Last Updated 17 Aug 2022

Impact of Use of Color in Yellow Fish by Ambai

Category Fish
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Ambai, or C. S. Lakshmi (1944) hailing from Tamil Nadu, India comes on the forefront of modern Indian writers who have made a huge mark in World Literature as a whole. Her works are characterized by her passionate espousal of the cause of women, humour lucid and profound style and the touch of realism. She is one of the most important Tamil writers today, who have been included in the recently published book ‘Picador’ book of Modern Indian Literature by Amit Choudhuri. Most of her stories are about relationships and they contain brilliant observations about contemporary life.

Exploration of space, silence, coming to terms with one’s body or sexuality and the importance of communication are some of the requiring themes of her works. The story, Yellow Fish is one of her most passionately feminine works. The imagery used here by Ambai is excellent and encapsulating as the reader finds his/her own passion stirring as the story comes to the end. The used of colours is very symbolic in its irony. Through the use of colours, Ambai has tried to depict the objects characteristics, adding more material to the images, like a real life image anyone from her audience has experienced.

The ash grey sea, unlike the ‘blue green open stretch of space’ does more to depict the set of mind her narrator possesses at that particular moment of time. The fact that images of the ash-grey sea and horrific colour images of the fisherwomen’s clothes were inserted, ought to give the reader a premonition, of kinds, about the dark turn, the narrative is about to take a little way ahead. With the unwanted, thrown away fish too, comes an upsurge of images with vivid colours, the colour yellow being associated with the pale rusting leaves, that fall, and are left to lie around in the most discarded state.

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The narrative begins with the vivid description of the scene of fishing boats returning of the sea. It is high summer and the sand is heated up. Images of sea and water are predominant. There is a juxtaposition of images of faded blue and the ash grey sea. The bright colors of the fisherwomen’s clothes: demonic red, blinding indigo, profound green and assaulting blue, stand vibrant against the white boats and the bodies of the men, darkened by the saltwater, the black hands of the fishermen and the brown of the wood and the white bellied fish.

Image of the fish being unloaded is also particularly staunch since the ‘good’ fish is splashed on the troughs, and the rest, that is the ‘bad’ ones are thrown away. The sea and the water are life-giving sources for so many life-forms, but suddenly, our attention is drawn away from the din of the fisher-folk to a little yellow fish thrown away on the sand of the shore. The line catches our attention because Ambai makes it stand out with her expertise of speech, as if almost drawing our attention towards ourselves. The first person narrative fixes the perspective and point of view of the story.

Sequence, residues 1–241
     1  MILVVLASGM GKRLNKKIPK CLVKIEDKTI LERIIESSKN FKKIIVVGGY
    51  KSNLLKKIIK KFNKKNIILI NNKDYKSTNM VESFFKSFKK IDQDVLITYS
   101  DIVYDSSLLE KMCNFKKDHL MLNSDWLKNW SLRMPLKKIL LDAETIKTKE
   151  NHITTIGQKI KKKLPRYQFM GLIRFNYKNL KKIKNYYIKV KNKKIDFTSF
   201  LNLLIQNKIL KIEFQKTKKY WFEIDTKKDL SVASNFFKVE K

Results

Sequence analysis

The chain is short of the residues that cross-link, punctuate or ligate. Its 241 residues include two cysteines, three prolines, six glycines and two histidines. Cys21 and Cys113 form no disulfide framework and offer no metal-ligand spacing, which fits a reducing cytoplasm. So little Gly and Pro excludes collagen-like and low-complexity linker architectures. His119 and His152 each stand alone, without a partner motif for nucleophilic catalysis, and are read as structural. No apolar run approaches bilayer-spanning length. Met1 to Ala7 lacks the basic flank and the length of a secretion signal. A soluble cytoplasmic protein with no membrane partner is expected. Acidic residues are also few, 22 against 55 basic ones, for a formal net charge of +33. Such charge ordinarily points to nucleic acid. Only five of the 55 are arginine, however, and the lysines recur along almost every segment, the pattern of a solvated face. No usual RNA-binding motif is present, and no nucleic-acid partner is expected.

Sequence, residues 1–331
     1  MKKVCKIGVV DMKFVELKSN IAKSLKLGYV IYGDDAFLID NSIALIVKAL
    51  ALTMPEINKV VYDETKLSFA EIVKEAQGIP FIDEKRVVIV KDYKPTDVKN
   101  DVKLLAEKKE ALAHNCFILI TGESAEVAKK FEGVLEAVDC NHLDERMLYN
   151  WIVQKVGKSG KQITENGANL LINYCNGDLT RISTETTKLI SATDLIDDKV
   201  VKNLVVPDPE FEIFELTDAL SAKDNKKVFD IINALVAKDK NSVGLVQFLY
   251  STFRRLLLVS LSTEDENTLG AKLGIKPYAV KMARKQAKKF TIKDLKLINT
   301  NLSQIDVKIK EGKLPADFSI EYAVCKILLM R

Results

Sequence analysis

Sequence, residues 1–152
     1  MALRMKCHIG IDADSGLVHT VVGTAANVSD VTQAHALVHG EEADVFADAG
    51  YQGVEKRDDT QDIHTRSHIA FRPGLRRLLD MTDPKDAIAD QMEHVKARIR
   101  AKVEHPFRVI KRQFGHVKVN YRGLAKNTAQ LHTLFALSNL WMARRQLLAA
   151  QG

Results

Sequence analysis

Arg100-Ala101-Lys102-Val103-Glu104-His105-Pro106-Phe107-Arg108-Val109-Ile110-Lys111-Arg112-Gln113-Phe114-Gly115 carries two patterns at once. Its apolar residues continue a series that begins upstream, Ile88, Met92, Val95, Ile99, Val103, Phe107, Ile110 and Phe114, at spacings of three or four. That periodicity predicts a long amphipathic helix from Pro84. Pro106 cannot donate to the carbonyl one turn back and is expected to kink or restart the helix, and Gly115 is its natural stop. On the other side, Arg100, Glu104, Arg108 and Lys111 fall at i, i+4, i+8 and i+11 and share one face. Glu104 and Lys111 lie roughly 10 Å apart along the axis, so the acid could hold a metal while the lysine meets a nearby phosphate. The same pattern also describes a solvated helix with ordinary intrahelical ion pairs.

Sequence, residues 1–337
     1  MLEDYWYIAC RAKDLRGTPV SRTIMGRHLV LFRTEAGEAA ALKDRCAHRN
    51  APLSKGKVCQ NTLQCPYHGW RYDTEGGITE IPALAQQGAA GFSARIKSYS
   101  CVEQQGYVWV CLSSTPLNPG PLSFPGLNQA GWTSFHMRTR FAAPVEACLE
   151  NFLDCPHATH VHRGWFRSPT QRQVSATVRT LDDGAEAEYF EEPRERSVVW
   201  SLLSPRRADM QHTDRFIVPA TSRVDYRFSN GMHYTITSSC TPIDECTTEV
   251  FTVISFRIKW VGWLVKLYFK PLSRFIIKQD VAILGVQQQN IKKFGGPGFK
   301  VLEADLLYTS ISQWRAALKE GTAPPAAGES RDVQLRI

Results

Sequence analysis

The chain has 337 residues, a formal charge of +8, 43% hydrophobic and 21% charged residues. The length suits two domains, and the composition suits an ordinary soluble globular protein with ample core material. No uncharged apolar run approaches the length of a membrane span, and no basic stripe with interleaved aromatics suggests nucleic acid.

The detail of colour follows as the narrator observes the varying colour schemes in the events. The colour of the fish is yellow, is significantly pointed out to us as it is put into limelight as it is one of the ‘bad’ fish caught by mistake and was brought home. The narrator takes her time to stoop and watches fish shuddering and gasping for breath. It is this image that wrenches the memory of a similar incident of gasping for breath by Jalaja. “Like Jalaja’s mouth,” stands alone forcing us to think about the abrupt change from one sequence of events to another.

We’re taken into the imagery used by Ambai to show us the occurrences on that particular day, rather than actually narrating. The first image is that of the narrator standing outside Jalaja’s room constantly watching her little daughter struggle to survive. The next image is that of the ashes being brought home, in a small urn and the narrator’s insistence that the mouth of the urn be left open and the ashes to be immersed in the sea. Apparently unrelated are the thematically linked with the deep use of images and metaphors.

In both cases we witness an astounding struggle to survive. Gender differences emerge in the difference in attitude of Anu and Arup – Arup who fails to understand why Anu wants the lid of the urn open, and the loud sobs, hint at the intense grief buried in the narrator’s heart. She is trying to help her child breathe as she couldn’t earlier. For Arup it’s just ashes, whereas for Anu, it’s her daughter inside, whom she wants to liberate. Jalaja, born of water, whom she wants to release into the water, the open sea.

All the pent-up feelings of helplessness, frustration and grief, that she could do nothing to save her daughter, resurfaces when the narrator watches the yellow fish gasping for breath and thrashing hopelessly to go back to the sea. The arrogant leap of the fish can be metaphorically interpreted as the endless possibilities if oppurtunities are provided. It also points towards the overriding theme of self- liberation present in all of Ambai’s written works. Anu has also taken a plunge towards freedom from bondage of ideologies from grief taking her towards realization.

Impact of Use of Color in Yellow Fish by Ambai essay

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